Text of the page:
Year in Produce - Organic

The organic market took no dramatic leaps in 2017, just continued its steady sales growth spurred by consumer demand.

No longer can one debate whether organic food is just a fad. Nearly every retailer in North America carries some, and nearly all want to carry more.

As we found out in our Fresh Trends 2018 survey, and the Organic Fresh Trends magazine that came out in December, all demographics demand organic, regardless of family income level, geography, gender or ethnicity. But the youngest age group (18-39) has the strongest demand, and that points to continuing growth.


Nov. 6 – Berries, salads continue to set organic sales pace

By Jim Offner

Organics continue to roll up sales gains in the produce category.

According to numbers from The Nielsen Co., organic produce grew 9% in dollars year-over-year and represented a 10% share of total produce as of Aug. 26.  

The numbers show sales of organics are vigorous, but that may be just part of the story, said Andy Tudor, business development director with Selah, Wash.-based Rainier Fruit Co.

“Consumers are buying larger packages of organic berries,” Tudor said.

“Instead of pints and things, they’re buying 18 ounces or up to 2 pounds.”

The numbers show prepackaged salads continue to lead organic sales, with 3% year-on-year growth in 2017, according to Irwindale, Calif.-based Ready Pac Foods, a subsidiary of Bonduelle Fresh Americas.

Lettuce and berries continue to dominate the organic category, combining for nearly 30% of organic sales in the U.S., said Michael Castagnetto, vice president of global sourcing with Eden Prairie, Minn.-based Robinson Fresh.

Apples and spinach are the next largest organic categories, with 9% and 8% of sales, respectively, Castagnetto said.

Overall, only 14 categories make up 80% of organic produce sales, compared to 20 categories within the conventional space, he said.


Nov. 6 – OTA, The Packer’s Global Organic Produce Expo partner

By Greg Johnson

With The Packer’s inaugural Global Organic Produce Expo coming up Jan. 25-27 in Hollywood, Fla., a partnership with the Organic Trade Association promises to enhance the show’s educational element.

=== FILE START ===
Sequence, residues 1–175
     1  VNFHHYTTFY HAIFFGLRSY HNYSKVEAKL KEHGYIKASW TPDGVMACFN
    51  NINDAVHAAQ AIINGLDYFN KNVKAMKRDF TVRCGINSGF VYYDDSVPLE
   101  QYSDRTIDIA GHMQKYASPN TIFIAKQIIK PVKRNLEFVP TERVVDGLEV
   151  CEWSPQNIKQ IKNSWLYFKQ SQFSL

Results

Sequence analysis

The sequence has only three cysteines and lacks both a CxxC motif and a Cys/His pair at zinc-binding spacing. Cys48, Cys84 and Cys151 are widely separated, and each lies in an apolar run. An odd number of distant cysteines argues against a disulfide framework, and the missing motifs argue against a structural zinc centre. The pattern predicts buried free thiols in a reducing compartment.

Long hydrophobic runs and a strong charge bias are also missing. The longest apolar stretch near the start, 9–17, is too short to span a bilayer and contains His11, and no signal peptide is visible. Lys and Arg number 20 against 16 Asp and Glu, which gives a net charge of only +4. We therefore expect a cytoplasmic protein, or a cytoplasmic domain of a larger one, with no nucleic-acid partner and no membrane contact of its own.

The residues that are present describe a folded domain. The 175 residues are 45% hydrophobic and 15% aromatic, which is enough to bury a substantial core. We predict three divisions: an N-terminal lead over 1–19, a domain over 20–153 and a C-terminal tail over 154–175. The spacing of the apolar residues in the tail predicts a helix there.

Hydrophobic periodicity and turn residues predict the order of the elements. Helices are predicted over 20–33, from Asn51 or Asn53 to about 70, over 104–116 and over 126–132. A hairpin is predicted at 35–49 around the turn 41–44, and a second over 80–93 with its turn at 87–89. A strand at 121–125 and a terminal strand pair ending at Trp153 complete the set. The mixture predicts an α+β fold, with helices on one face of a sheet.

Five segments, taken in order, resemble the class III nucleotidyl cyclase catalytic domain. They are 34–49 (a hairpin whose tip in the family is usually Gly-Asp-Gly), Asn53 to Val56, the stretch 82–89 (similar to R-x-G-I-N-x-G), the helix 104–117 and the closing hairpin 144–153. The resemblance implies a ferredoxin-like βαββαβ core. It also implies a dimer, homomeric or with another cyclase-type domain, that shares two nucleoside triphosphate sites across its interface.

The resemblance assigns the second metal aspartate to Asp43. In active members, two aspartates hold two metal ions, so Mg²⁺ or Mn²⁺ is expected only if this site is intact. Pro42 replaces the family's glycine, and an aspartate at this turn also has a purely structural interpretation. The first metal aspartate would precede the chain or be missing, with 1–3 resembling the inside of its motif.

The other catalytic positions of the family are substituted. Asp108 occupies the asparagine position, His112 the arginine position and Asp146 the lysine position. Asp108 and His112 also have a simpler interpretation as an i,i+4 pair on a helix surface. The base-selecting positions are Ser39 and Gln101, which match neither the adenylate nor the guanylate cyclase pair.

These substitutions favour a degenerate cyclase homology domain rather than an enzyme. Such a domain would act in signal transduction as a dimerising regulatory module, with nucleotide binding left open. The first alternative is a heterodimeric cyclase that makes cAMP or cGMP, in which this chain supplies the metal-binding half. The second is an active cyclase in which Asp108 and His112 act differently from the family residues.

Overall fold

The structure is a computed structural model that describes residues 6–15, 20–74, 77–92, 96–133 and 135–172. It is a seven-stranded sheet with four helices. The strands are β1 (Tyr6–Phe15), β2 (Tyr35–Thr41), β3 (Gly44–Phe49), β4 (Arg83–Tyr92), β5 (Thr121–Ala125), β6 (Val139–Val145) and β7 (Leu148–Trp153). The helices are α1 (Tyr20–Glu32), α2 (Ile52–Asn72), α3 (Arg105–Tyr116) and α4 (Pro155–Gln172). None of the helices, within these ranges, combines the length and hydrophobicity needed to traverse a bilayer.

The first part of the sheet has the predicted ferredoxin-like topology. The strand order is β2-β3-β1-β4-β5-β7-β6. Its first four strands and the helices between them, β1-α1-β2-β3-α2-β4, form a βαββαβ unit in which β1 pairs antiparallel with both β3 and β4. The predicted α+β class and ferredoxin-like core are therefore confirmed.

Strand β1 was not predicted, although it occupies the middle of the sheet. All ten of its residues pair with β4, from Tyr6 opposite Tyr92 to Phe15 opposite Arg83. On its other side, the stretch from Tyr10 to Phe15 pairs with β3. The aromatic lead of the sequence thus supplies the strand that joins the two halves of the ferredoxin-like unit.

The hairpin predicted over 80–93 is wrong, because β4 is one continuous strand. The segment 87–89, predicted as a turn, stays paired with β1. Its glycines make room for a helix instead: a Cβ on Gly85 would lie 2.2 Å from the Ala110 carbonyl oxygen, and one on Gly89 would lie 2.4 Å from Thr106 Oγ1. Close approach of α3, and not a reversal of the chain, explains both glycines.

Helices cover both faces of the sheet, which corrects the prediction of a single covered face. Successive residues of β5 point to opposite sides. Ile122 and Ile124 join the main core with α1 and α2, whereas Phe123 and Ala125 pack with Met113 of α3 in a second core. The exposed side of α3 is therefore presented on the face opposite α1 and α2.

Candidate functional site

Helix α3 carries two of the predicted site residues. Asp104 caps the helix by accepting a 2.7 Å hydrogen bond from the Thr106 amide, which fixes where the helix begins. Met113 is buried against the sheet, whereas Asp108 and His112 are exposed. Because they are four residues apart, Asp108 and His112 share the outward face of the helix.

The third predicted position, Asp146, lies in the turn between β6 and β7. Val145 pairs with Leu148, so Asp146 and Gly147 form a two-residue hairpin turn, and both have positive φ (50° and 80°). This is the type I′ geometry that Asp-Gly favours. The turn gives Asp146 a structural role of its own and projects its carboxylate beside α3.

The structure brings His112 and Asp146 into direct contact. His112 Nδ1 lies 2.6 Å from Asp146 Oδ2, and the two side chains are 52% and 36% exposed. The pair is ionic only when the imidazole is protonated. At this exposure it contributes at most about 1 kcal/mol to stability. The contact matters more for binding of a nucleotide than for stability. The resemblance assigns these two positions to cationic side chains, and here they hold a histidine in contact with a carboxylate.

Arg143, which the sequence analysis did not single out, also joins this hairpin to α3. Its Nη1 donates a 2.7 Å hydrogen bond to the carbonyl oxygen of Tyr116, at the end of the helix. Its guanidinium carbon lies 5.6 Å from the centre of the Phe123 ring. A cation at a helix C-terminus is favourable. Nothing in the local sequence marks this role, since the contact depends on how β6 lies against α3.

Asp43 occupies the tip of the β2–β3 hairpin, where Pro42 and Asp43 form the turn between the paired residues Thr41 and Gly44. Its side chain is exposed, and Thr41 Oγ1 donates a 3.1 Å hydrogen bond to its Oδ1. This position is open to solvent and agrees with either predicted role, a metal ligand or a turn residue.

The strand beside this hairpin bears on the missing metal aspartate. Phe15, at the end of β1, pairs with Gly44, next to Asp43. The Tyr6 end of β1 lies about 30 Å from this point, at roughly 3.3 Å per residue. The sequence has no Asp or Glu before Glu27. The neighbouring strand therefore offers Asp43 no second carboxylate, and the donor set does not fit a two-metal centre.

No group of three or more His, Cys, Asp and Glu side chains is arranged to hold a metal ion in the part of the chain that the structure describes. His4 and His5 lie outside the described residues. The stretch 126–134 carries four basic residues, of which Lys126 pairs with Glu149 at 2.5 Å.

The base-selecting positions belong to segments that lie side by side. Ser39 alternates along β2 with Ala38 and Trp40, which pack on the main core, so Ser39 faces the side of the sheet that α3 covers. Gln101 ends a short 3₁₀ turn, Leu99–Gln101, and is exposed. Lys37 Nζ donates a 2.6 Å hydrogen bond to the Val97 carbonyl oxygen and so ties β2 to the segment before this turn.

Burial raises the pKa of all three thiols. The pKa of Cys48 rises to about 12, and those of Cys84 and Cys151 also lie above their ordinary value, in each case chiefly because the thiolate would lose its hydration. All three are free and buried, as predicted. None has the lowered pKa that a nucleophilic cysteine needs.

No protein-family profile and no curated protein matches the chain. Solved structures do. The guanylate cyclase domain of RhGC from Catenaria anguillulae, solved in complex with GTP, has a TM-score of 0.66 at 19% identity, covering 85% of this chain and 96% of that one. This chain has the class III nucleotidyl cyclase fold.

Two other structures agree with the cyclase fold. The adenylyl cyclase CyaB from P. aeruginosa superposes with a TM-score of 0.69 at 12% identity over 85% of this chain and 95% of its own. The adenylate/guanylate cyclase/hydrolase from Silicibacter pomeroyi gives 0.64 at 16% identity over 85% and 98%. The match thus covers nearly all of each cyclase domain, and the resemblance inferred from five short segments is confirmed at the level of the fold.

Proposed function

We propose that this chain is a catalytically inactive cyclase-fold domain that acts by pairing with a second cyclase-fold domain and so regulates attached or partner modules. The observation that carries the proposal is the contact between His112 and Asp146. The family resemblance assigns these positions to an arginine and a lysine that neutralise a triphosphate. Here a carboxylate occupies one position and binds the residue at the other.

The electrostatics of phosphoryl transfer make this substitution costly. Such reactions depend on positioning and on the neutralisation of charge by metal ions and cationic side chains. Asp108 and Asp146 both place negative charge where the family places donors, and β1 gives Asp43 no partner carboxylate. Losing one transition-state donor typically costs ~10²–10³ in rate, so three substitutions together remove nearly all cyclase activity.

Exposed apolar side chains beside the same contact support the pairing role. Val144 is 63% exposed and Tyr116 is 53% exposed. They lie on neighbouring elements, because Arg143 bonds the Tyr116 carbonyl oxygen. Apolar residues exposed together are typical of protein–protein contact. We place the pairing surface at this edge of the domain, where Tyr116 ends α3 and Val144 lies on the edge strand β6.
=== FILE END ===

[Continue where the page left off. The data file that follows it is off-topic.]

In the partnership, OTA plans to present organic produce information, retail trends and international challenges and solutions to the event’s education program.

“Produce has traditionally been the entry category for consumers new to organic, and organic produce now occupies the center of the healthy plate in an increasing number of American homes,” said Laura Batcha, CEO and executive director of OTA. 

“The OTA and The Packer share in the vision to offer organic education and opportunities to both buyers and sellers of fresh produce,” said Shannon Shuman, vice president and publisher for produce at Farm Journal Media.  

For more information about The Packer’s Global Organic Produce Expo, visit


Aug. 21 – Organic sales continue to climb

By Chris Crawford    

Organic produce continues to gain steady momentum, and that’s good news for suppliers and retailers alike.

Maggie McNeil, director of media relations for the Organic Trade Association, said the group’s 2017 Organic Industry Survey showed retail sales of organic fruits and vegetables in 2016 in the U.S. were $15.6 billion, up 8.4% from the previous year.  

“That growth rate is almost triple the growth pace of total fruit and veggie sales,” she said.

“Organic produce sales account for almost 40% of all organic food sales and remain the biggest organic food category.”

However, the survey numbers from the organic association differ widely from the United Fresh Produce Association’s FreshFacts on Retail report, which set organic produce sales at retail (not including processing or foodservice outlet sales) at $4.46 billion in 2016, up 13.2% from 2015.

What’s more interesting, the United Fresh numbers — from Nielsen Fresh — said organic sales in 2016 accounted for 9% of all fresh produce sales.    

The 9% organic market share number from FreshFacts is below the OTA’s 15% estimate for organic’s share of the produce market.

Regardless of which numbers are used, organic produce sales growth sees no end in sight.


May 1 – Suppliers, retailers work together to build category

By Jim Offner

Organic produce suppliers say they are happy to work with retailers to further build an organic category that already has gained a strong foothold in stores.

Consumers want the product, and retailers appear happy to oblige, said Bil Goldfield, director of corporate communications for Westlake Village, Calif.-based Dole Food Co.

“With the rapid growth in demand for organic, many of our retailers are offering a wider range of Dole organic fruits, vegetables, berries and salads,” he said.  

Expanded retailer accommodations come as no surprise to Jacob Shafer, spokesman with Salinas, Calif.-based Mann Packing Co.

“Shelf space and variety of products are tied directly to consumer demands. If consumers continue to buy organic products, then more and more organics will become available at retail.”